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Solar rules are geared towards a safer and sustainable sector

Workers inspect solar panels at a photovoltaic power station on a hill in Linyi, Shandong province, China.[Reuters]

In 2019, an NGO based in Turkana filed a complaint with the Energy and Petroleum Regulatory Authority (EPRA) over defective installation of a solar system worth approximately Sh6 million. Poor workmanship by the solar technician was cited as cause for the faulty installation. Unfortunately, the solar technician could not remedy the situation and the NGO suffered the loss.

Last December, EPRA received another complaint of dysfunctional solar equipment that was poorly and precariously installed. The seller not only refused to refund the buyer after getting back the faulty system, but had also not provided KRA i-Tax receipts and a warranty. In Utawala, a chicken farmer complained of “shoddy installation” by a renewable energy company. The complainant doubted the company’s competency in installing such equipment and had asked the regulator to investigate. This same company, referred by the complainant to another client, had installed a solar panel that later caught fire at night.

Incremental gains

These are just a few complaints that highlight gaps in the solar energy operating space that EPRA seeks to address through a consensus-based regulatory framework. These incidences need to be addressed urgently lest they erode the incremental gains realised in the solar PV sector over the years. How do we ensure such cases do not occur? How do we ensure the integrity of solar PV systems installments?

Solar installations by professionally recognised technicians that guarantee the safety of human lives and soundness of structures is at the core of the proposed solar PV regulations.

Kenya’s solar PV industry is currently regulated through the Energy (Solar Photovoltaic Systems) Regulations, 2012. The regulations were developed under provisions of the repealed Energy Act, 2006 and provide for licensing of all persons involved in the manufacture, importation, distribution, promotion, sale, design, or installation of any Solar Photovoltaic (PV) systems.

Energy Act, 2019

In March 2019, EPRA in collaboration with stakeholders in the solar PV industry reviewed the current regulations to address gaps identified in the six years of implementation and align them with the Energy Act, 2019, the Constitution, and to address emerging trends in the industry. Accordingly, the Authority commissioned a Solar PV Regulatory Impact Assessment (RIA) Study to identify the impact of the 2012 Regulations on Kenya’s Solar PV industry.

The study showed that the installed capacity of solar PV has grown to over 200MW in 2020 from 12MW in 2012. We licensed four more projects of 40MW each. These projects are expected to be commissioned in the next two years. This growth is associated with the growing confidence in the performance of solar PV systems. The 2012 regulations provided a framework for the creation of a pool of more than 800 licensed solar technicians and over 1,000 registered solar companies. Solar training centres have been established that use a curriculum approved by National Industrial Training Centre (NITA) to build capacity in the solar PV industry.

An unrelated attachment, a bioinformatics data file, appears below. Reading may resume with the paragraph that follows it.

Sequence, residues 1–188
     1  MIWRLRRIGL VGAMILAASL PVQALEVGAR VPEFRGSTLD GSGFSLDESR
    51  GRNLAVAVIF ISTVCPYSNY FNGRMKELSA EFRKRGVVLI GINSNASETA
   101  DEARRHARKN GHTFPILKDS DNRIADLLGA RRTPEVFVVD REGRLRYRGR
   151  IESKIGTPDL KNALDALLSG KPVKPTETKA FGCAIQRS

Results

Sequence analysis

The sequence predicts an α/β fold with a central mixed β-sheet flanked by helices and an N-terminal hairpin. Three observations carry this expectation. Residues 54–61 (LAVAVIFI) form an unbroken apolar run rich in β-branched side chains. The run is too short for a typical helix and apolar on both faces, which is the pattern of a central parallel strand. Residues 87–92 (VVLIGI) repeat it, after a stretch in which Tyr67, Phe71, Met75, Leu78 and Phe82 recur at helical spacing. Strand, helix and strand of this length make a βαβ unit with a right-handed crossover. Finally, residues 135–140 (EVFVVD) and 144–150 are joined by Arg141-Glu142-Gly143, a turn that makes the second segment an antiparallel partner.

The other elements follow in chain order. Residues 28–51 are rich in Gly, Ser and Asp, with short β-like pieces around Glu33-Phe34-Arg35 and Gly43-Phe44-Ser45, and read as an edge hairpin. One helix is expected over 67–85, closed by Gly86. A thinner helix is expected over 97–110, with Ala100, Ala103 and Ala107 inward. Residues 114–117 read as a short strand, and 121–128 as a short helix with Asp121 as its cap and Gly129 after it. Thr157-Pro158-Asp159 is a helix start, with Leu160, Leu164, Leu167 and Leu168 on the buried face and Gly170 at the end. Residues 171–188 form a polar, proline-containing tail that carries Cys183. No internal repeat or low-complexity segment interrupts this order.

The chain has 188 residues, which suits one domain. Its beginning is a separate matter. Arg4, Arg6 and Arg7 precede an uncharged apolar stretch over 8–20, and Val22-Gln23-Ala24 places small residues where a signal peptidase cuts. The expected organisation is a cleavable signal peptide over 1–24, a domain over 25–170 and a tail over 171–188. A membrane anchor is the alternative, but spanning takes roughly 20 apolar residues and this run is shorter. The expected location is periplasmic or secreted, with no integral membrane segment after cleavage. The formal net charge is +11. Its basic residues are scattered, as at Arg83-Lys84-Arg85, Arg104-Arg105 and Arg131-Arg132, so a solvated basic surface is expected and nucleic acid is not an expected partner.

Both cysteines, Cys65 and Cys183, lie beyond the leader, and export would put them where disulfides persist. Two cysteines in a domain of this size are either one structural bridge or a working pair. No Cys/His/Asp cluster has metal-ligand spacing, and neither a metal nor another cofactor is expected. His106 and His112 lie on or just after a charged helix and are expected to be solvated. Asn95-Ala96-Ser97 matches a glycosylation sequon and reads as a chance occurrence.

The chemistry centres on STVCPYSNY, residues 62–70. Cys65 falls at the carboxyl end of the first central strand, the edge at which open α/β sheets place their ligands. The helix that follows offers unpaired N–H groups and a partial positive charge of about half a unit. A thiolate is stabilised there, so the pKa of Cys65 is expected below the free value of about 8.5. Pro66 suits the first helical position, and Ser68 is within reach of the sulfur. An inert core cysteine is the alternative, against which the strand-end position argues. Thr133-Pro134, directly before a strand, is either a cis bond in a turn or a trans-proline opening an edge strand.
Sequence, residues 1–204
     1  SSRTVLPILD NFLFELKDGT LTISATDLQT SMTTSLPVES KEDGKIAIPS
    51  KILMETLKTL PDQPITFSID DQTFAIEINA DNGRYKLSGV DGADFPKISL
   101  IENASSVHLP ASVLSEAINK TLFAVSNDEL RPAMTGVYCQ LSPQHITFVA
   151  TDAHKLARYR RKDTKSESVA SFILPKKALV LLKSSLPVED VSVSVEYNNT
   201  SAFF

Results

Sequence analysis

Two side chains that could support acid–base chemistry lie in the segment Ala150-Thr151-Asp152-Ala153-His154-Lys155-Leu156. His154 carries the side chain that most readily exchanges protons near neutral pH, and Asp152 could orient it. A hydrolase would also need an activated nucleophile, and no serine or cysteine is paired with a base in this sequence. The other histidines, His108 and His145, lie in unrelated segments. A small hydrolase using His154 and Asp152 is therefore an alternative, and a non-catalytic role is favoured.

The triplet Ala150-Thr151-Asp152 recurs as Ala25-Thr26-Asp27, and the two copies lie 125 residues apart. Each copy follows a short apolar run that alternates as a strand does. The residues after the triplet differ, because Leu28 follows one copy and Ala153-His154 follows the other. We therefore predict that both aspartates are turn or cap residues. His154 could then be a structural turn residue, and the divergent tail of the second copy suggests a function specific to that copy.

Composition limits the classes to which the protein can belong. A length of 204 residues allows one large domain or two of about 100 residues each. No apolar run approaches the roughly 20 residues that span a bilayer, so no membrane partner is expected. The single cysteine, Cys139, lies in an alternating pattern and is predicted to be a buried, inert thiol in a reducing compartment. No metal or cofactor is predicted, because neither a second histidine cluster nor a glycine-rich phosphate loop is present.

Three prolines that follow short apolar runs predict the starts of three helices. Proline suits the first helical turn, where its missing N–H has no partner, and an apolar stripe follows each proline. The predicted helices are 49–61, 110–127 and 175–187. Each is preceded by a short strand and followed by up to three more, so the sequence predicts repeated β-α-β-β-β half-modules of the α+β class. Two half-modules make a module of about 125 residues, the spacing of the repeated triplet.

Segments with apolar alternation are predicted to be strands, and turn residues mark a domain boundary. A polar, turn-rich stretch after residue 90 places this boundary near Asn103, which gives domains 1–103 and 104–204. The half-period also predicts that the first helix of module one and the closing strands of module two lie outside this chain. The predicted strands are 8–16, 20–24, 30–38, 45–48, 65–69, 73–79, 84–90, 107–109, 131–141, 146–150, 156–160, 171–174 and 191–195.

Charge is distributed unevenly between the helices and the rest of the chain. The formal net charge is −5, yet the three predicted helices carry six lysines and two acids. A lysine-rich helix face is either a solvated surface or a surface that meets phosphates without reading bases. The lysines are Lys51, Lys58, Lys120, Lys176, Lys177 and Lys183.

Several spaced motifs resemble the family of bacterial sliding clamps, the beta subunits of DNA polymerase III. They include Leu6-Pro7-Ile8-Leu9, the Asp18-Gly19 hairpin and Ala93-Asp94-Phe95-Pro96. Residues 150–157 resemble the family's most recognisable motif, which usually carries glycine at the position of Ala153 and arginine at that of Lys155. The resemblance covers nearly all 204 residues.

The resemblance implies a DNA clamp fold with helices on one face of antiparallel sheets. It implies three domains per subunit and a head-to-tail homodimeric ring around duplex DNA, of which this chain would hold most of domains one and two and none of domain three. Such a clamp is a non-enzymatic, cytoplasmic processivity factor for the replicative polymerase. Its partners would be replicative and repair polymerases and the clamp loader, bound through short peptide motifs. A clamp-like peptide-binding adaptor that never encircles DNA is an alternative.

The 2020 regulations are aimed at fostering the gains in the Solar PV industry realised under the 2012 regulations. The regulations provide a robust framework for enforcement of quality standards of solar PV systems and components getting into the Kenyan market and solar installation works, thus ensuring the Kenyan consumer is protected. The Kenya Bureau of Standards approved 22 standards for solar photovoltaic components to guide manufacturers and importers. Another 11 standards apply to solar technicians on design, installation, and maintenance.

The 2020 draft regulations encompass various classes of licences suitable for solar PV workers with varying qualifications. Solar PV workers with a KCPE qualification and basic Solar PV training from an accredited institution will be licensed to install and maintain solar systems of not more than 400W. The experience required to get a licence for this category is successful installation of at least three systems of not less than 100W.

Solar PV workers with a KCSE qualification and a certificate in Electrical and Electronics and Intermediate Solar PV Training from an accredited institution will be licensed to install and maintain systems and solar water pumping systems of not more than 3kW. For you to acquire a licence for this category, completion certificates of at least three solar PV systems are required.

Electrical engineering

On the other hand, Solar PV workers with a diploma in electrical engineering or related disciplines and a bachelor’s degree in electrical engineering will be licensed to install and maintain more advanced solar systems. The licence application and renewable fees for solar PV workers range from Sh1,200 to Sh6,000.

The solar market in Kenya is among the largest and most dynamic among developing countries with the highest per capita and a constant growth of over 10 per cent per year over the past decade. These regulations will not only promote fair business practices but help entrench quality thresholds that guarantee safety of end users, building structures and constructive contribution to the economy. The regulations have also borrowed from best practices in developed markets like Australia and the US.

The writers are renewable energy experts at the Energy and Petroleum Regulatory Authority


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